Opposition protests over Maduro referendum

May 12, 2016, 12:02 AM EDT
Protest in Caracas in 2014
(Source: Andrés E. Azpúrua/flickr)

As a protest march against President Nicolas Maduro turned violent in Caracas, Venezuelan security forces fired tear gas and blocked roads to rein in fiery demonstrators who were heading to the office of the country’s election commission.

The march, which was staged by the opposition M.U.D. (Democratic Unity Roundtable) party, aimed at pressuring the election authorities to expedite the process of a recall referendum against the president.

The opposition, which blames Venezuela’s crippled economy on the socialist policies of Maduro, had earlier submitted a petition signed by 1.85 million voters to the election authorities in a bid to initiate referendum against the president, writes the BBC. In the latest round of demonstrations, the opposition called for a speedy verification of signatures.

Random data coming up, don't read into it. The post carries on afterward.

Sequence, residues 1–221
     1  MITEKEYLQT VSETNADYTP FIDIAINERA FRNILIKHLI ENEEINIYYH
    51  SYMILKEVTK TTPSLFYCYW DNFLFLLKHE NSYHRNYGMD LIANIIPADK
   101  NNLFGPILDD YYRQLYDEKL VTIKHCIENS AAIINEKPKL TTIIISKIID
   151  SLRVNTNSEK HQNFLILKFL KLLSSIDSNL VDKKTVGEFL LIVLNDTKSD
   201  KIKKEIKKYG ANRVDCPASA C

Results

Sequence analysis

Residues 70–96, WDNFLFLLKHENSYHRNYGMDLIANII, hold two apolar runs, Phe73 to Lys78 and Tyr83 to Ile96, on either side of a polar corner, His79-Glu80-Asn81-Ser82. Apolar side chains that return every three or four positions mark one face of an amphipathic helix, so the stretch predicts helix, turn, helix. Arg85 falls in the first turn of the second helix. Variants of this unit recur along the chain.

Opposition congress President Henry Ramos denounced the use of force on what he termed a peaceful march, notes ABC News.

In the state of Tachira, protesters carried placards that read, “We don't want to do die of hunger,” writes Al Jazeera. The opposition alleges that a biased election commission is deliberately delaying the process in the ruling party’s favor. If a successful recall referendum extends to next year, the vice president -- a loyal member of the governing United Socialist Party -- would take over as president.